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CNN LIVE EVENT/SPECIAL

Iraqi Missile Damages Mall in Kuwait City

Aired March 29, 2003 - 06:08   ET

THIS IS A RUSH TRANSCRIPT. THIS COPY MAY NOT BE IN ITS FINAL FORM AND MAY BE UPDATED.

DARYN KAGAN, CNN ANCHOR: It was also a significant night right here in Kuwait City. The Iraqis have been lobbing a number of missiles. Last night, one hit at a big shopping mall and that happened early this morning. It heavily damaged that mall here in Kuwait City.
Our John Vause has more on the missile lobbed at Kuwait.

(BEGIN VIDEOTAPE)

JOHN VAUSE, CNN CORRESPONDENT: It is difficult to know the exact point of impact for this missile, but it is not difficult to see the full force of the blast, the damage which it caused. We walk out onto this jetty, this pier, which goes out into the Persian Gulf. We can see where these steel girders have been buckled, the pylons have snapped, the railing over there dangling off the side.

Now when the missile impacted, it sent a shock wave. This shock wave was sent through this mall. This mall one of the biggest and best here in Kuwait City. The force of that shock wave bringing down parts of the ceiling, smashing windows.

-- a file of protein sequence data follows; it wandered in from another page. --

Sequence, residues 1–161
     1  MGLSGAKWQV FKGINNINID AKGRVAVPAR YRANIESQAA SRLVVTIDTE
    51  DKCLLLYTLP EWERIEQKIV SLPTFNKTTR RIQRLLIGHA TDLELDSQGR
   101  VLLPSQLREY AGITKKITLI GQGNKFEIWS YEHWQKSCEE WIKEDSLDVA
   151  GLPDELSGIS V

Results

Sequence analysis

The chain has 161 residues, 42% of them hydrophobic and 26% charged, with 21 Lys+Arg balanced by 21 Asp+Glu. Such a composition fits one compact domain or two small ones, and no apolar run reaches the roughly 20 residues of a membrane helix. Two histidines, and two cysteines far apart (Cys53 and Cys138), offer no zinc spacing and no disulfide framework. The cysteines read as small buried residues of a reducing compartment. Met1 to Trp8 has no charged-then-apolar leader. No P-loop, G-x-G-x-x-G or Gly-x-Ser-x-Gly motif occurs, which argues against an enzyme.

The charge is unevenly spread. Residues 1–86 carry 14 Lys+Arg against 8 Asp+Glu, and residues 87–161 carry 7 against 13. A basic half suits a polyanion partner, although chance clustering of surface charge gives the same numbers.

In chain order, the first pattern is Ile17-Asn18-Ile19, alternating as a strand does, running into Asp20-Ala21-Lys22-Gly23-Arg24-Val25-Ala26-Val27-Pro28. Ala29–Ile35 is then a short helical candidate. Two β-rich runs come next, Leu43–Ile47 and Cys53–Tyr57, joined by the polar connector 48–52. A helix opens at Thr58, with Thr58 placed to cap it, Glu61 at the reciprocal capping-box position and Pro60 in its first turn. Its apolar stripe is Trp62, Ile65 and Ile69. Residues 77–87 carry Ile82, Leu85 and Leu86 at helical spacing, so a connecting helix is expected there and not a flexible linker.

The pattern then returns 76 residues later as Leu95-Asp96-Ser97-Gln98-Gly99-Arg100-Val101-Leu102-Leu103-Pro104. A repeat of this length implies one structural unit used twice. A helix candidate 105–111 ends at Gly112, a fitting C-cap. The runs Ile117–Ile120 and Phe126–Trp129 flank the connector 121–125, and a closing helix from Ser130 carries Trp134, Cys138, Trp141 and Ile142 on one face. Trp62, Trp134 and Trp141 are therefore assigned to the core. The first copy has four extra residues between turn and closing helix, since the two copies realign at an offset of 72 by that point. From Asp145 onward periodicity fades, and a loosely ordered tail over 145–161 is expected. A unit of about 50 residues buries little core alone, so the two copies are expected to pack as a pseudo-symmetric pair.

Now inside this mall, only one person, because this missile landed in the early hours of the morning. And we're told that person was hurt, just minor injuries though, because this mall was empty. Quarter to two in the morning was when this missile struck.

We are also told that it could have been a Seersucker missile. That because of a circuitry board which was found on the scene and other markings on the outside of the missile. And that means it came in at a very low altitude, which means it was not picked up on radar, and the Patriot missile system, which is in place to try and intercept these missiles, was ineffective.

But we also know that once again this Iraqi missile, which was launched at Kuwait, did not contain chemical or biological agents.

John Vause, CNN, Kuwait City.

(END VIDEOTAPE)

KAGAN: Anderson, I can tell you at about 1:45 this morning, I was sleeping. I did wake up for the sirens going off. That's not an usual occurrence here over the last couple of weeks. Something about 1:00 a.m. there tends to be a lot of these missile alerts. The difference this time, the siren was sounding after the missile had already landed. Significance here that this missile came in, it came in low and it never was able -- Kuwait was never able to sound off those sirens to warn people to take cover.

ANDERSON COOPER, CNN ANCHOR: It is very scary, Daryn. All right, thanks for that report. We'll be -- we'll check in with you in a few minutes.

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